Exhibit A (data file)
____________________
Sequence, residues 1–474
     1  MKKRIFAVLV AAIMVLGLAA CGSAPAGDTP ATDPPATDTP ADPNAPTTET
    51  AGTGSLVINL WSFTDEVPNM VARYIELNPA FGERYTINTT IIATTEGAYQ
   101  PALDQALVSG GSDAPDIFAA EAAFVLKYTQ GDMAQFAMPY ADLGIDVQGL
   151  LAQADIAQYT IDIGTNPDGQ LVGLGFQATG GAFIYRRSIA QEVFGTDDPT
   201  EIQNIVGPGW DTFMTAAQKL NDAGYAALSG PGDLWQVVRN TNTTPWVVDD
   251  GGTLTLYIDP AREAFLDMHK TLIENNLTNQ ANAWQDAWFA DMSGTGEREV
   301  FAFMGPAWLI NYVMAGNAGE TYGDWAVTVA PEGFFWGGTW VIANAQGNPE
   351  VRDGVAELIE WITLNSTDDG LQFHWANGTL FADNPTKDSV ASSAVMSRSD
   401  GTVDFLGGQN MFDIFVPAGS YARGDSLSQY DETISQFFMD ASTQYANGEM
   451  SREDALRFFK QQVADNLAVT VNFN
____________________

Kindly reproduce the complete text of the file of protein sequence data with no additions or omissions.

Sequence, residues 1–474
     1  MKKRIFAVLV AAIMVLGLAA CGSAPAGDTP ATDPPATDTP ADPNAPTTET
    51  AGTGSLVINL WSFTDEVPNM VARYIELNPA FGERYTINTT IIATTEGAYQ
   101  PALDQALVSG GSDAPDIFAA EAAFVLKYTQ GDMAQFAMPY ADLGIDVQGL
   151  LAQADIAQYT IDIGTNPDGQ LVGLGFQATG GAFIYRRSIA QEVFGTDDPT
   201  EIQNIVGPGW DTFMTAAQKL NDAGYAALSG PGDLWQVVRN TNTTPWVVDD
   251  GGTLTLYIDP AREAFLDMHK TLIENNLTNQ ANAWQDAWFA DMSGTGEREV
   301  FAFMGPAWLI NYVMAGNAGE TYGDWAVTVA PEGFFWGGTW VIANAQGNPE
   351  VRDGVAELIE WITLNSTDDG LQFHWANGTL FADNPTKDSV ASSAVMSRSD
   401  GTVDFLGGQN MFDIFVPAGS YARGDSLSQY DETISQFFMD ASTQYANGEM
   451  SREDALRFFK QQVADNLAVT VNFN